Hands Off: Touchpoint Cleaning to Prevent Disease
What’s the dirtiest, germiest place in your facility? If you answered “the restroom” you’re only partially right. While it’s true that restroom floors, toilets and urinals harbor pathogens, they’ve got nothing on light switches, sink taps, toilet flushers and stall door handles. These touchpoints host a surprising amount of dirt, viruses and bacteria and, because they are handled so frequently, can really facilitate the spreading of illnesses. The problem is not limited to the restroom. Door knobs, cell phones, keyboards and drinking fountains are also filthy. That’s why touchpoint cleaning to prevent disease is crucial to your employees’ health and wellness.
Tracking the Pathogen Path
A whopping 80% of infections come from items people touch every day, according to a study released by the British Columbia Centre for Disease Control and reported by CleanLink. The biggest offenders are keys, money and cellphones. In fact, a London School of Hygiene study found fecal matter on one of every six smartphones.
Disease is spread when someone touches a personal item and then grabs a door handle, turns on a light or flushes a toilet. The next person touches that switch, tap or knob and then rubs their eye, bites their fingernail or scratches their nose giving pathogens access to their body.
It’s a Wash
Public health advocates have done a great job educating people about covering their mouth and nose when coughing or sneezing. They’ve even had success getting people to cough or sneeze into their elbow instead of their hand. Still the problem of dirty touchpoints remains. Worldwide Janitor suggests the best way to reduce the spread of germs is washing your hands after using the restroom. Yet, they report that one third of people do not use soap when washing their hands and 10% of people don’t bother to wash their hands at all!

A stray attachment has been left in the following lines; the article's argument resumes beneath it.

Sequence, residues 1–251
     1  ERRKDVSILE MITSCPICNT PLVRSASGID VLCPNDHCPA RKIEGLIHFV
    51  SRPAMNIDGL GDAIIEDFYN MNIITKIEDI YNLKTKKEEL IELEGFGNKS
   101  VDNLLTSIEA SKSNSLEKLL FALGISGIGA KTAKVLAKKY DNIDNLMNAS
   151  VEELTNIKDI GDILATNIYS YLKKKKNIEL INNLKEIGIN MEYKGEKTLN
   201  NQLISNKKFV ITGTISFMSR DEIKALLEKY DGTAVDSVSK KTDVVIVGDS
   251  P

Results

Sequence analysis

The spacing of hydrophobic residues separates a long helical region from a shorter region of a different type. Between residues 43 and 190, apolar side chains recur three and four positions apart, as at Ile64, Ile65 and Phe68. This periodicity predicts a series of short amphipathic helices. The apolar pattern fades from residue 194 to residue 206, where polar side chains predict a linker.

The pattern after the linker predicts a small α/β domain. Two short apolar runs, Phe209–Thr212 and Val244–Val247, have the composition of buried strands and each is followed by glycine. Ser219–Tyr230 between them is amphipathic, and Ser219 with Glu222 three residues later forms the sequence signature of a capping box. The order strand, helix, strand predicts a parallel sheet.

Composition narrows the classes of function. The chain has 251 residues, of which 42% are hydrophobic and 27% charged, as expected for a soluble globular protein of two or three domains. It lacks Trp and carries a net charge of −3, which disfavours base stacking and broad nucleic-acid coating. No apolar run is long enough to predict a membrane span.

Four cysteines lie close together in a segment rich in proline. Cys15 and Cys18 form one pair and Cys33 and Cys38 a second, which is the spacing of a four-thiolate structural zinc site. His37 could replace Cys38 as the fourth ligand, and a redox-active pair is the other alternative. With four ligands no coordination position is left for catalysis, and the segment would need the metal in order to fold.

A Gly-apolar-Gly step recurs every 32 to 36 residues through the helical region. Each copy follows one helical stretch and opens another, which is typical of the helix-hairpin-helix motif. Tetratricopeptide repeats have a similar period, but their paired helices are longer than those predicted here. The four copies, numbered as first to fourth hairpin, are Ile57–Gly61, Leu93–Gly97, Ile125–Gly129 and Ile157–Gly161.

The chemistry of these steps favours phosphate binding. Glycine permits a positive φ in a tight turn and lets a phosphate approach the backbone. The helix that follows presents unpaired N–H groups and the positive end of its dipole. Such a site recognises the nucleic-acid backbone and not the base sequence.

They point to ways to increase handwashing. The list includes keeping restroom supplies well stocked, posting a sign that encourages handwashing and making sure bathroom sinks are clean and inviting.
The Healing Touch
Still, all the outreach and public shaming will not get 100% of the population to wash their hands and no one expects a building custodian to disinfect personal items like smart phones and keys. They can, however, focus on touchpoint cleaning to prevent disease. Instruct crews to pay special attention to anything people handle, from soap and paper towel dispensers to window latches and stair railings. During cold and flu season consider spending even more time on these hotspots.
Need more ideas on how to use touchpoint cleaning to prevent disease? Click here.
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Amy Milshtein covers design, facility management and business topics for a variety of trade publications and consumer magazines.
Her work has won several awards, most recently a regional silver Azbee Award of Excellence.
She lives in Portland, OR with her family and Clyde, a 15-lb tabby cat. Once an avid hiker, these days she finds herself on the less-challenging -but-still-exciting 'creaky knees' trails.